The Pack A.D. - “Night Crawler” (Vancouver): Steel guitar leads into a “We Will Rock You” beat. The duo rides out a simple hypnotic riff with tripped out, multi-tracked vocals. Be careful, detachment from reality is a possibility.

And there you have it. 16 tracks from a range of Canadian bands, most of which can make you trip balls if you aren't already. It's a most excellent selection of tunes, from the burly and bloody knuckled to the idyllic and intoxicating. Trust me, there are some medical grade pupil dilators on this. Dig it!


[Go to the post to view the Bandcamp player]

Thursday, December 18, 2014

Gravecode Nebula - Sempiternal Void

Written by Steven Leslie.


As a diehard devotee to extreme music for close to 20 years, it is increasingly rare for me to find a record that truly scares me. Gravecode Nebula’s Sempiternal Void, released last year, is one of the few records post 2000 that has been able to accomplish that feat. To be honest, I’m very surprised that this album somehow managed to fly under the radar and was not a prominent feature on many best of 2013 lists. Truthfully, it’s probably the lack of publicity this band has received that has helped make it have such an impact.

Not since the early days of second wave black metal, when bands shunned the spotlight and simply let their music (and sometimes their actions) do the talking, have I heard an album so terrifying and so sincere at the same time. It is that very sense of the unknown that helps make this album such a prized possession in my ever-growing collection. There are a few things worth noting before I really dig into the album. First, this is not an album that sits neatly inside a single subgenre. This is one of the few modern records that manages to combine elements from several different genres, mainly black, death and doom, without diluting or destroying the essence of any of them. This isn't just a tremolo riff thrown over some death metal grunts with the occasional slow atmospheric buildup. Instead, it is a lethal combination of the best aspects of all these genres. On a random side note, the presence of Hel’s spectacular bass lines should destroy anyone’s preconceived notion that women in extreme metal is just a gimmick.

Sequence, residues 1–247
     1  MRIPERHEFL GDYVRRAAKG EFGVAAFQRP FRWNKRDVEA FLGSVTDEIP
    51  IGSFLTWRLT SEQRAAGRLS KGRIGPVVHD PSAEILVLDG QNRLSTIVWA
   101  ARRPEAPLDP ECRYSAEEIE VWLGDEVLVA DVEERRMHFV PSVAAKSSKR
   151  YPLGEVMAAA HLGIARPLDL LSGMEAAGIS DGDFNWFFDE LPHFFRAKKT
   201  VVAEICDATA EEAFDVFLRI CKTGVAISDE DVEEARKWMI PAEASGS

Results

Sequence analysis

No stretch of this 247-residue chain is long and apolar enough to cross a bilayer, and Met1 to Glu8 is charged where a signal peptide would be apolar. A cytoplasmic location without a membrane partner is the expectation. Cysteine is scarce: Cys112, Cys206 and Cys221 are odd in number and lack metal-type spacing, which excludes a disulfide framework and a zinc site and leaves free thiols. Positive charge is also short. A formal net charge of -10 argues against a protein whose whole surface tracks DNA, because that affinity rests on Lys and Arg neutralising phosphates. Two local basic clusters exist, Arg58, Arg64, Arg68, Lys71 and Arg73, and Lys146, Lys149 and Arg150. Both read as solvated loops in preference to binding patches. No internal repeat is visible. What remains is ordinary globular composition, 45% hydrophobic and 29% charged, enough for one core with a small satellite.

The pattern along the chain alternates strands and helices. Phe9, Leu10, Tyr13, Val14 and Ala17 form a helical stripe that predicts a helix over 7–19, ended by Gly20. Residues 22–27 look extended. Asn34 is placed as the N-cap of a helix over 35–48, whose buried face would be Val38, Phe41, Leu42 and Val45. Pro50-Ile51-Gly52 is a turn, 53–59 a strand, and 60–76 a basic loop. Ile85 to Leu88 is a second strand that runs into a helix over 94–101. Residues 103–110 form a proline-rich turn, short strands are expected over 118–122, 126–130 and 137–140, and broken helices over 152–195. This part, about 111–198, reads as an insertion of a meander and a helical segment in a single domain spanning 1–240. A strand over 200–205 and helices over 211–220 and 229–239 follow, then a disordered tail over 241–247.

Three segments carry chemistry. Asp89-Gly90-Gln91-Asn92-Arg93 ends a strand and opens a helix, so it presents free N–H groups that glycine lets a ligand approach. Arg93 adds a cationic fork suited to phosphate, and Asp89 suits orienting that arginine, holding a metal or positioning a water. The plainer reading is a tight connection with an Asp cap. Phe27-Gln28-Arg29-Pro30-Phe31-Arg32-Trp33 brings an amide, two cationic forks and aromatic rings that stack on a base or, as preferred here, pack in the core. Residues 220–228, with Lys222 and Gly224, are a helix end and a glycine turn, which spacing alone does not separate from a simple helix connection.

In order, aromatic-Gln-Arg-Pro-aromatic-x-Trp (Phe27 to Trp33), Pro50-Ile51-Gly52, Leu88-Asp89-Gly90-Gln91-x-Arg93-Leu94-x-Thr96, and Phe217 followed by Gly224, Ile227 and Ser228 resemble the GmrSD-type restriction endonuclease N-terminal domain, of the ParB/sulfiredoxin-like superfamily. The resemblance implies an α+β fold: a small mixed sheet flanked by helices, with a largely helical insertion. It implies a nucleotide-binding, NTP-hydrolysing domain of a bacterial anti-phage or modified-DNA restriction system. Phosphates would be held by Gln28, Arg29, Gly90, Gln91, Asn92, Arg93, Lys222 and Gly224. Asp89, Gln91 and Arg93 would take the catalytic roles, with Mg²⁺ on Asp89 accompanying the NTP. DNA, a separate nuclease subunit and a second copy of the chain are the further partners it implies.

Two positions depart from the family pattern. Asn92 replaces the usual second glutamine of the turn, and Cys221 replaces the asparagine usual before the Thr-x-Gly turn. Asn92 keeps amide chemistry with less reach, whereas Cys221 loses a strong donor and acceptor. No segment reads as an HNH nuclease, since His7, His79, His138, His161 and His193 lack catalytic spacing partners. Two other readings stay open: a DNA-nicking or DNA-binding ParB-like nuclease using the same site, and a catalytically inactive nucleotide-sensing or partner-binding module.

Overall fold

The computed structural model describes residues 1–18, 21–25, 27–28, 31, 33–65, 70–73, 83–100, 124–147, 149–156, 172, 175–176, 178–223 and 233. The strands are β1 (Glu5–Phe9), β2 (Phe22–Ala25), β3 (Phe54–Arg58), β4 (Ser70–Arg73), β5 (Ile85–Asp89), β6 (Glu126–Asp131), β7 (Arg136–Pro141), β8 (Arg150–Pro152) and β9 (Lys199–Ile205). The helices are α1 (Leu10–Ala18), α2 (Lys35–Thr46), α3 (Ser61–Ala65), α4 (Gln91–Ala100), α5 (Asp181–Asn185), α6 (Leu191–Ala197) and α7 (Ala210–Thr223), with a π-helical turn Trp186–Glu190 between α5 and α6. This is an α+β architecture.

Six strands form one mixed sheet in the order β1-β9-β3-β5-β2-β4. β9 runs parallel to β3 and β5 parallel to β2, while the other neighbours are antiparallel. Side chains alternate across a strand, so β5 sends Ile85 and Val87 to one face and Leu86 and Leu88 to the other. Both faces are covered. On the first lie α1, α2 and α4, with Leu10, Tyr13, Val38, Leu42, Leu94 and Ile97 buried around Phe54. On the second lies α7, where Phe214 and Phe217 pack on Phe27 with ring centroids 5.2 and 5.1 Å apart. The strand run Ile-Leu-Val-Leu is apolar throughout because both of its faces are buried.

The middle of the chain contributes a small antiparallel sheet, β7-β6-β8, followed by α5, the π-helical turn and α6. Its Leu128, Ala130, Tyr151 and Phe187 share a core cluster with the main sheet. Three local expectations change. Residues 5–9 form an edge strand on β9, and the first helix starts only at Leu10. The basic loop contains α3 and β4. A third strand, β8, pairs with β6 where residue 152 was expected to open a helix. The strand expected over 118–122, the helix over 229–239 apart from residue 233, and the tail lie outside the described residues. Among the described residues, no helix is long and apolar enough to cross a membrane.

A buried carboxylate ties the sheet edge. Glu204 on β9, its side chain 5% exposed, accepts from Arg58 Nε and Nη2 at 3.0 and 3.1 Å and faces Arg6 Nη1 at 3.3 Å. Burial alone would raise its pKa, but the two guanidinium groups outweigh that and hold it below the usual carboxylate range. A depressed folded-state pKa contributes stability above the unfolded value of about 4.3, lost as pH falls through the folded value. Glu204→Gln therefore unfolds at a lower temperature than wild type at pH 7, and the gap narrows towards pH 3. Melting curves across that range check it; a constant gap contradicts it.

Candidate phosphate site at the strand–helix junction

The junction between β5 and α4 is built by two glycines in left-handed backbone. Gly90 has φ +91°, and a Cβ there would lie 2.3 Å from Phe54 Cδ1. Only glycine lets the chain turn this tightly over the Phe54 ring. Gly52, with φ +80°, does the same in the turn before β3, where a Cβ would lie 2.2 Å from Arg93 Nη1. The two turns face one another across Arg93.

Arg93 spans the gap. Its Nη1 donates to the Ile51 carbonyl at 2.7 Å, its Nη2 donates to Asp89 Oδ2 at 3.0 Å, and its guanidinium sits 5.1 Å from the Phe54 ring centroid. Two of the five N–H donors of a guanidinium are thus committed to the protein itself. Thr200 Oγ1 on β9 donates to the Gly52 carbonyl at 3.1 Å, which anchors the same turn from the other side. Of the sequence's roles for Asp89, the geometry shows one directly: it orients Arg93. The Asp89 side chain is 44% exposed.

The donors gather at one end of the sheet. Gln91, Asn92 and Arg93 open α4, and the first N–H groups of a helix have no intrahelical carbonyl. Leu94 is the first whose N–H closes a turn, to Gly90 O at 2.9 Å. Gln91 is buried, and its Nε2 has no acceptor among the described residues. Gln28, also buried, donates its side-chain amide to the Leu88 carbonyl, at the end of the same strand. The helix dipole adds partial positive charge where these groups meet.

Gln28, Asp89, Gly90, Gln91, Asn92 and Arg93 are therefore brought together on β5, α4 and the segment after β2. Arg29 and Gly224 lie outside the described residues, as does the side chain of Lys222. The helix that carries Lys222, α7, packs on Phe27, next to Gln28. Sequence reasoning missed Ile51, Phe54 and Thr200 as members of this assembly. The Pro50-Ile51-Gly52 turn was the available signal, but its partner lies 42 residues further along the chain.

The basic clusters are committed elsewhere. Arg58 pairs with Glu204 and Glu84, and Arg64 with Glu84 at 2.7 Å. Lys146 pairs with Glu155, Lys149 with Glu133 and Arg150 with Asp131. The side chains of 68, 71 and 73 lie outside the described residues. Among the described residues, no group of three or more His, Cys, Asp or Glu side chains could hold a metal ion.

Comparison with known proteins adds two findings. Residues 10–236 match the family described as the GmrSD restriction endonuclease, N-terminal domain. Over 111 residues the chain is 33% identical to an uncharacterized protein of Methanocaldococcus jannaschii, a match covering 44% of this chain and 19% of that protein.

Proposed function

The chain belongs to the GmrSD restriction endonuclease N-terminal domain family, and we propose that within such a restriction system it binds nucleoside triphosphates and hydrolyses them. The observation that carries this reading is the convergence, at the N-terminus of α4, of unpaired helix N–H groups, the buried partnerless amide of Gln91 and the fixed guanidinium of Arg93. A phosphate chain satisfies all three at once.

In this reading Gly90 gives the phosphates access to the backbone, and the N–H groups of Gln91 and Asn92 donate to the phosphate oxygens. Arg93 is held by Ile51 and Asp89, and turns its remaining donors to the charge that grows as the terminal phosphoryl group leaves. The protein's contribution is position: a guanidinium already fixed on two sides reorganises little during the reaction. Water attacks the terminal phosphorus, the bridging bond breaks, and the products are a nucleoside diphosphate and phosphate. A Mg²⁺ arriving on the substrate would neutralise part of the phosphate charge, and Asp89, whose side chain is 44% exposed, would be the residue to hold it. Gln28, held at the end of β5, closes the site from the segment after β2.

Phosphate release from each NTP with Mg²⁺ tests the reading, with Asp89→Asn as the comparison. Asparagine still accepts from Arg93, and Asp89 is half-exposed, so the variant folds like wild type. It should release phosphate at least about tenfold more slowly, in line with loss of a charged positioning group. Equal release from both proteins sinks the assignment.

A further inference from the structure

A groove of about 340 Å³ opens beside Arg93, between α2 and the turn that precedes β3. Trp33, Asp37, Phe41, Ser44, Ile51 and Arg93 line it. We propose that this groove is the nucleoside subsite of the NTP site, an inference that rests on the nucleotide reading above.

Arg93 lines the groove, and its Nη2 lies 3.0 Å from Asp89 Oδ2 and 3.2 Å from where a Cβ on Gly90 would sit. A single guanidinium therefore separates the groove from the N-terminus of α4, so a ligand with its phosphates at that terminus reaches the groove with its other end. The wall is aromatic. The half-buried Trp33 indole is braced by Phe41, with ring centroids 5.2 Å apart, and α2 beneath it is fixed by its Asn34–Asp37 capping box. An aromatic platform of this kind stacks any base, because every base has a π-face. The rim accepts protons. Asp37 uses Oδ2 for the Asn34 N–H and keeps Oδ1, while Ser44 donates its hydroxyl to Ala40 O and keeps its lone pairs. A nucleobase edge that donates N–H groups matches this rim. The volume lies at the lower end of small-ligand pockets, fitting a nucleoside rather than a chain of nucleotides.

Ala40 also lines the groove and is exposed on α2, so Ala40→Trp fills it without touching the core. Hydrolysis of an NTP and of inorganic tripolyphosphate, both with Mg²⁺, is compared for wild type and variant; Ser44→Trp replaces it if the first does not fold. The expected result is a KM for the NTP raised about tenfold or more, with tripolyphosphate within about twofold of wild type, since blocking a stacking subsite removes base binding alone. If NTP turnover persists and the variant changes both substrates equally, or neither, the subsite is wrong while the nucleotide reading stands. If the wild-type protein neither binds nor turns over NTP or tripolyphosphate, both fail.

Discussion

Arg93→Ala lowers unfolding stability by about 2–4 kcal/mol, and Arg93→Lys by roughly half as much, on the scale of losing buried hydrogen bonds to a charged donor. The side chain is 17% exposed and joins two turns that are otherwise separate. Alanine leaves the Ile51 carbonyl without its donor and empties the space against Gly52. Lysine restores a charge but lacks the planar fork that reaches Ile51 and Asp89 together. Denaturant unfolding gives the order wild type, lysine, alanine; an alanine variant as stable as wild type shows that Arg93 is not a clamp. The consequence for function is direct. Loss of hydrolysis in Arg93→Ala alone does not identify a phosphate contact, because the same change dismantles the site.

At a little over an hour Sempiternal Void is not an easy listen. This is not a record you can just throw and headbang along to or drop in as background music. This album needs, nay demands your full attention. Kicking off, “Bloodcraft of Andromeda” sets the tone for the rest of the journey. The song starts off slow with a lumbering riff and simple but powerful drumming as a disembodied roar creeps in. As if this blackened doom template wasn't sufficient, at three minutes the pace picks up and we are treated to some spectacular straight up black metal riffs and blast beats, before dropping back into the atmospheric death/doom that started the song. The rest of the track continues to mutate between genres. One minute brings a minimalist slow doom riff like you might hear on a Monarch record that then transforms into some of the best death/doom around, before throwing you completely for a loop with a section swirling black metal chaos. It is a testament to the bands skill that these elements flow together so seamlessly. This constant ebb and flow makes this album so engrossing and rewarding.

Each of the remaining five tracks follows this template of constantly morphing between agonizing death doom sections and blistering blackened assaults. The performance of each band member is spectacular throughout, making it hard to highlight just the guitars, bass or drums, as they all meld together so effectively to create such a devastating whole. In fact trying to point out a single riff or drum fill would actually do this record a disservice, as it is the whole rather than it’s individual parts that make this such a fantastic album. That said, it is worth taking note of the stellar vocal performance put in by The Zodiac. It is rare that you find a vocalists with such versatility. Whether it is horrifying deathly bellows, atmospheric spoken word sections or ominous chants, he somehow manages to accomplish all of them with the same level of expertise. The superb uses of effects by Dyingnysus and Lupericus Infernale are also worthy of note. While never taking prominence, their subtle touch adds a layer of darkness that would be otherwise be sorely missing.